tori kudo

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2009.9.24 initerview


What inspired your original vision for C’est La Dernière Chanson ? Did you have specific sonic textures or thematic ideas that you wanted to capture?

It was kind of “at sight” project for people who happened to be present there. While “blues du jour” format was for rigorous collective improvisation, this project was for rather orthodox ensemble. Irrespective of reading ability, players can chose whether to read or to ignore the score, after each song is explained.
Any textures should have been seen as the result after recording this time.
As for the theme, at first in my mind I had just got an English title “XXsongs of maher shalal hash baz”, like “49 Americans” that had a sunny image.
Being in France at that period I preferred such English title, while I had adopted “L’autre Cap” being in Olympia, USA.

Since you recorded over 200 songs in six days, did it seem like you were being rushed?

On the 6th day we recorded until 4 a.m. That is why the sound becomes getting thin as the end of the cd comes to a close. Many songs to be recorded were still left.

What was the mood like in the studio? As the band leader, was it difficult to get everyone on the same page creatively?

The studio called Chaudelande was in beautiful rural area near Cherbourg. We were happily fed. Though it was a challenge to keep unrepeatable “at sight” discipline, we all were getting acclimatized to it gradually.

Is there a particular reason that you composed these songs to be so short? What draws you to that aesthetic?

Short songs themselves have been always written since early 80’s, like my diary. Those short pieces had often been abandoned behind longer songs so far, but this time picked up.

With so many different styles and moods on the album, was it difficult to know how these songs would fit together into a coherent album?

Without thinking any total image, I just automatically recorded my pieces written from 2005 to 2007, after “L’autre cap”.
While “L’autre cap” songs were about sin, this album mainly shows the upper layer of my life, like impressions about places, people, creatures, and mourning.

Words like “amateurish” and “naive” are often associated with your music. Do you agree with that interpretation or is that a misunderstanding of what you are doing?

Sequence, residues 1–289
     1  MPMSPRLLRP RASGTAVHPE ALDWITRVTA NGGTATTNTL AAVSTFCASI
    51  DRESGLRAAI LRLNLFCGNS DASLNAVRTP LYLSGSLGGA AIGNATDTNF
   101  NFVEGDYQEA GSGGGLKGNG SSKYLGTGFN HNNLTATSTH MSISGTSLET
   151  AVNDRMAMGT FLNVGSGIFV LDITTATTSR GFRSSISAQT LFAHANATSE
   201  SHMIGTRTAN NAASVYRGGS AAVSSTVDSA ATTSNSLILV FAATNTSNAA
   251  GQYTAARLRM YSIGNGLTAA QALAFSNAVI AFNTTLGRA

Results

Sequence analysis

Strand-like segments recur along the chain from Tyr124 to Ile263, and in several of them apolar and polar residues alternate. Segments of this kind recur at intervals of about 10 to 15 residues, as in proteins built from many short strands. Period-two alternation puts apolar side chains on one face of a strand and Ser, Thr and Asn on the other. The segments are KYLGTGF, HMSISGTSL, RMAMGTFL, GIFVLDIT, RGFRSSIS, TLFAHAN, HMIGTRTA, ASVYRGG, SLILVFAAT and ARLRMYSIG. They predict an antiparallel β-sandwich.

If I were a Cornelius Cardew, I would write minimalist-ish piece under an error principle that should make its result richer. I am not a socialist designer for amateurs or shamateurs but just an egoist who is trying to realise own inspiration. It is just a economical reason why my music sounds shabby.

Since you also work as a ceramicist, does your work in the medium influence your work as a songwriter? Is there a unifying thread through all of your creative work?

As well as I do not like mixing clays taken from different places, I dislike blended inspirations and blended coffee beans. As for pottery, I prefer quick-inevitable throwing of Liao Dynasty than famous Song Dynasty.

Seeing that you have been making music for many years now, do you think your songwriting aesthetic has changed since you started? What continues to inspire you as an artist?

I think everyone are pursuing to grasp a solid substance. Lou Reed once called it “reality” on his liner note for metal machine music. Just as a punk, I have been doing it within the scope of my ability.

How did you come to record for K Records? Is your music received differently in U.S. than in Japan?

My colleague McCloud Zicmuse introduced me to studio Chaudelande, then my friend Arrington de Dionyso talked to Calvin Johnson about this release.
I have not known even how many maher cds are sold so far in U.S.

Finally, what would you like your listener to take from C’est la Derniere Chanson?

When you go to a museum, you would spend one or two hours there. You will see one drawing reading its caption. It could take about 10 seconds to walk down to next drawing. To listen to these pieces may become similar experience for the visitor.